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Williams Plays 'Weight'-ing Game



Emails flow in to daily, many with one simple question.

What does Mike Williams weigh now?

Tracked down at Redskins Park on Tuesday, Williams laughed when he heard that his weight was such a curiosity for fans.

"I weigh 385," Williams said. "So it's going well. I'm about 10 pounds away from my weight when I came out of college."

Williams was in excess of 400 pounds when he signed with the Redskins on April 24.

Since then, he has steadily lost weight as he works his way back into football shape.

When the Redskins resume OTAs on June 1, Williams hopes to increase his workload in drills. He could take part in some 7-on-7 and 11-on-11 action if team officials think he's ready.

"That's our goal," Williams said of the June 1 timeline. "I went through drills at the last mini-camp [in early May], so drills are definitely not a problem."

Williams's weight loss--and his potential as a starting-caliber offensive tackle--has emerged as an intriguing off-season storyline for the Redskins.

Williams, 29, was staying with friend and former college teammate Derrick Dockery in Northern Virginia when he was invited to work out for the Redskins last April.

Despite his heavy frame, Williams showed good mobility during the Redskins workout, enough to warrant a free agent contract.

Team officials told Williams to focus on his conditioning--along with losing weight from his 6-6 frame--in his first month with the Redskins, all in an effort to get him ready for June OTAs.

"He's a big man and he has a lot of lean mass," Jim Zorn said. "He is not fat--he is just a big human being. He can change directions pretty well for a guy his size.

"My charge to him is being able to do that 70 times per game, for 16 games, plus some playoff games as well."

For now, the goal is for Williams to continue to improve his conditioning while working his way to playing time.

"Whether it's conditioning after practice or conditioning at night, I have to ask myself every day, 'Did you get better today?' Williams said. "And if I can't answer that, then I didn't.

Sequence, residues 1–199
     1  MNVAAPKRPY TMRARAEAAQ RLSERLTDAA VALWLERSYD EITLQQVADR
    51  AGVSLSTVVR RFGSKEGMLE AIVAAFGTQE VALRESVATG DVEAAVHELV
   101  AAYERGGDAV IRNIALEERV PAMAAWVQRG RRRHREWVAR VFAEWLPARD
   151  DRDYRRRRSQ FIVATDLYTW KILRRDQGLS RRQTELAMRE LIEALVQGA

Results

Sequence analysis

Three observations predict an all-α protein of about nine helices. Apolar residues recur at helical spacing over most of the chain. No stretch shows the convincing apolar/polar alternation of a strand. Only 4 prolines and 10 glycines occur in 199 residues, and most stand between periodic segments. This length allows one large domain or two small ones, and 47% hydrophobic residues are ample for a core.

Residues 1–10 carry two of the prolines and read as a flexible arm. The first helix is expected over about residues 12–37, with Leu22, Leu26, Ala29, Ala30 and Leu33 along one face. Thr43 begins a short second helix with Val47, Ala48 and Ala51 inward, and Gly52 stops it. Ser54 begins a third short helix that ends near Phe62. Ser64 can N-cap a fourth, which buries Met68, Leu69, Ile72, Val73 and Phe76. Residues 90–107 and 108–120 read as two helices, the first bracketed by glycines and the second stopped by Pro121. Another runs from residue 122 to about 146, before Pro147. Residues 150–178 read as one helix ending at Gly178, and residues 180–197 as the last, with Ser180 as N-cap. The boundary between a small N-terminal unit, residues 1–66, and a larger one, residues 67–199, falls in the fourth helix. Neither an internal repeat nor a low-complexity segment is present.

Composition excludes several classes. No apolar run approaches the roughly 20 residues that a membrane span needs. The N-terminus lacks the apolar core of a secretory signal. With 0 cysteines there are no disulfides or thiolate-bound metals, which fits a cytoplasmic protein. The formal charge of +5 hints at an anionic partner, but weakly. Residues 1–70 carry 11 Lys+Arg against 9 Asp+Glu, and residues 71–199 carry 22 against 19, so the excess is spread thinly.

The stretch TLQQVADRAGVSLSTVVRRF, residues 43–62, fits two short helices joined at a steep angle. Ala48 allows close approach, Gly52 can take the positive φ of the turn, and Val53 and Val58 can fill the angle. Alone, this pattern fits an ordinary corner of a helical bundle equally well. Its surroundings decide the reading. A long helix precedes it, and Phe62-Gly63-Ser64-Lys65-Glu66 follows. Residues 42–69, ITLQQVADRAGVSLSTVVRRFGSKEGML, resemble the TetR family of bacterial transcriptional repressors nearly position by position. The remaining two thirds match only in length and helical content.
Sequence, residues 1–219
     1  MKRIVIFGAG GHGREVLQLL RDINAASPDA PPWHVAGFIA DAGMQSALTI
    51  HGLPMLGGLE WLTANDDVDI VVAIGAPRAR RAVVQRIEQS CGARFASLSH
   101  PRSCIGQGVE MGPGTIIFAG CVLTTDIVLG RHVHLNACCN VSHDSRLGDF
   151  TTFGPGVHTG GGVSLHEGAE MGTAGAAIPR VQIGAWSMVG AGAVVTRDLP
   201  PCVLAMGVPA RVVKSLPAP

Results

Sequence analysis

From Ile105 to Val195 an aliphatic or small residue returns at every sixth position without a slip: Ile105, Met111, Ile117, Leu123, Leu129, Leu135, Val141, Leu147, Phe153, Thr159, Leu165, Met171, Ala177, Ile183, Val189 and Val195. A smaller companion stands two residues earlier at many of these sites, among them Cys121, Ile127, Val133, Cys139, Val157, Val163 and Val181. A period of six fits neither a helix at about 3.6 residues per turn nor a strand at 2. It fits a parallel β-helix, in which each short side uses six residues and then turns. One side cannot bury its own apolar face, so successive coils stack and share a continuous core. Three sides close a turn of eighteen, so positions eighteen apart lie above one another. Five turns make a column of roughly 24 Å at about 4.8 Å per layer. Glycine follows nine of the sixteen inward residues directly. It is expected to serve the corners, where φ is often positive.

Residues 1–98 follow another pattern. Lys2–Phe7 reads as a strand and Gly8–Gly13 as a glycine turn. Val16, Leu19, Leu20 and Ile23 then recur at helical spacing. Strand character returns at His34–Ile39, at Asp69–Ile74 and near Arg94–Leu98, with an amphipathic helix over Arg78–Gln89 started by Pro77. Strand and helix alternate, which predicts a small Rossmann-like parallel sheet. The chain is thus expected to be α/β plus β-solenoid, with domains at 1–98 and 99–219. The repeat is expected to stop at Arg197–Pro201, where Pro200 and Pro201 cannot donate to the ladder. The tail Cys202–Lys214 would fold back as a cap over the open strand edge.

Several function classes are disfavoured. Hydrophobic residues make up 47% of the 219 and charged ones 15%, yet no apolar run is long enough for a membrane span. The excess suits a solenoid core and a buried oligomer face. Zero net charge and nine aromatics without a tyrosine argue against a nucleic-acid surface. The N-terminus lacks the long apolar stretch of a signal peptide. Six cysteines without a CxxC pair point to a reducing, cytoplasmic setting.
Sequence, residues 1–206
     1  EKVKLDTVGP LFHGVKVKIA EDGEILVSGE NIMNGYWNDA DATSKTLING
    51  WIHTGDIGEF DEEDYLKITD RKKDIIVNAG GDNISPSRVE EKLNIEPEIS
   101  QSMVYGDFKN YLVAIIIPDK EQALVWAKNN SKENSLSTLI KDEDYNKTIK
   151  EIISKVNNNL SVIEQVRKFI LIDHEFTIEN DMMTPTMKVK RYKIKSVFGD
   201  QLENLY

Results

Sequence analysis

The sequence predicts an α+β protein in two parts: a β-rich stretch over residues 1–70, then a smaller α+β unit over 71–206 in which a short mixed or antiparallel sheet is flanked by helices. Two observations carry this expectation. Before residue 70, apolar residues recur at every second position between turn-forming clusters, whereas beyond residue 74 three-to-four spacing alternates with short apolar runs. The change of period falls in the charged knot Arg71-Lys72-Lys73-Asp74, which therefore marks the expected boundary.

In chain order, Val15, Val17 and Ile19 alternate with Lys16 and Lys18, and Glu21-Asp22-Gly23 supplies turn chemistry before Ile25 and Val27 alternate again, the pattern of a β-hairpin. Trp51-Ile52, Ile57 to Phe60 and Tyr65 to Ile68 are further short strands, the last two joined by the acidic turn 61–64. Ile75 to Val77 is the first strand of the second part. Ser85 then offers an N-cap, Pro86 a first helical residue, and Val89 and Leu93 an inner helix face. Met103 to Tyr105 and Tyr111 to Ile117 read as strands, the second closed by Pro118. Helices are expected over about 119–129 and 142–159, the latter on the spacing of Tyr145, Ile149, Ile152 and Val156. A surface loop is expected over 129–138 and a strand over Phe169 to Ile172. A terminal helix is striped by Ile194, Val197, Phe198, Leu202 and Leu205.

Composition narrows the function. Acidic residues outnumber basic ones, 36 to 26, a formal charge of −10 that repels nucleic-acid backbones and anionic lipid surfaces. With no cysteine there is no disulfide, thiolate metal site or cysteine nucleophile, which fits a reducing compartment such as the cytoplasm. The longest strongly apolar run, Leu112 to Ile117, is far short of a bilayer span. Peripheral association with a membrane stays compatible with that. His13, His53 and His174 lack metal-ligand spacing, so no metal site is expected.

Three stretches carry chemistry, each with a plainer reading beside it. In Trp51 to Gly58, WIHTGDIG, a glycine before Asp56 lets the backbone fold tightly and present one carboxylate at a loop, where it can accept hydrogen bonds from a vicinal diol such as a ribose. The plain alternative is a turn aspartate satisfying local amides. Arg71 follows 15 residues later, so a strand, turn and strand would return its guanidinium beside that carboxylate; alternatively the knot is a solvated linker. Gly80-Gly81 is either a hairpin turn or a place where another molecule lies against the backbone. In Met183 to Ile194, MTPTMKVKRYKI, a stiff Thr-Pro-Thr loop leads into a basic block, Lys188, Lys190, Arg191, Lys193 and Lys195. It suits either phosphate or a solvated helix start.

"I have been in this game for a while, so I know how to take mental reps on the sidelines and transfer it to the field, from footwork to my hand placement. I've got to do extra because I am behind. I know that."

During mini-camp and the first week of OTAs earlier this month, Williams spent a portion of practice jogging the length of the football field 10 times.

He also met with a nutritionist so that he could monitor his eating habits and help him lose weight.

Williams said he basically eats a salad, with chicken or turkey for protein, and some low-fat dressing for almost every meal.

"You just have to monitor how frequent you eat," he said. "I'm learning some tricks of the trade in [terms of] losing weight and maintaining muscle mass. That's what we're trying to do--lose the weight but maintain the muscle mass and trim up."

Williams's story is one that would make him a prime candidate for Comeback Player of the Year.

An elite left tackle prospect from the University of Texas, Williams originally entered the NFL with the Buffalo Bills as the fourth overall pick in the 2002 NFL Draft.

He started 47-of-51 games at guard and tackle for the Bills from 2002-05. He struggled with injuries--particularly an ankle sprain in his last year in Buffalo--and was thought to be inconsistent at times.

Williams was eventually released by the Bills. In 2006, he spent training camp with the Jacksonville Jaguars, but he was sidelined by a back injury and released again.


Mike Williams during May 1-3
mini-camp. (Ned Dishman Photo)

As time passed and Williams's weight ballooned, he kept hoping that he would get another chance at the NFL.

It took three years, but finally the Redskins called. Williams had to ask himself if he was physically ready for the daily grind of the NFL.

"I was hesitant," he said. "I would say, 'Am I ready? Am I ready?' But you have to just take a leap of faith, get out there and say, 'If I have confidence in my body and I have confidence in what God has given me, then I can go out there and it's not going to matter how much I weigh. They're going to see the potential that I still have.'"

The potential may still be there, but the level of expectation is far different than his first NFL stint with Buffalo.

"I'm not motivated by trying to erase what has happened," he said. "A person is formed by the troubles or the frustrations or the transgressions that they go through in the past. Trying to erase that is not my goal.

"This is a clean slate. This has nothing to do with me being the fourth pick in Buffalo. This has nothing to do with me being in Jacksonville. Everything may not have gone my way [in Buffalo and Jacksonville], but now I'm back into football. All I can do is learn from what's happened in the past.

"I know I'm built for this game, no matter what. I can go out and do something else, but I'm made to hit people. So that's what I'm going to do. I'm going to hit them hard and hit them often."

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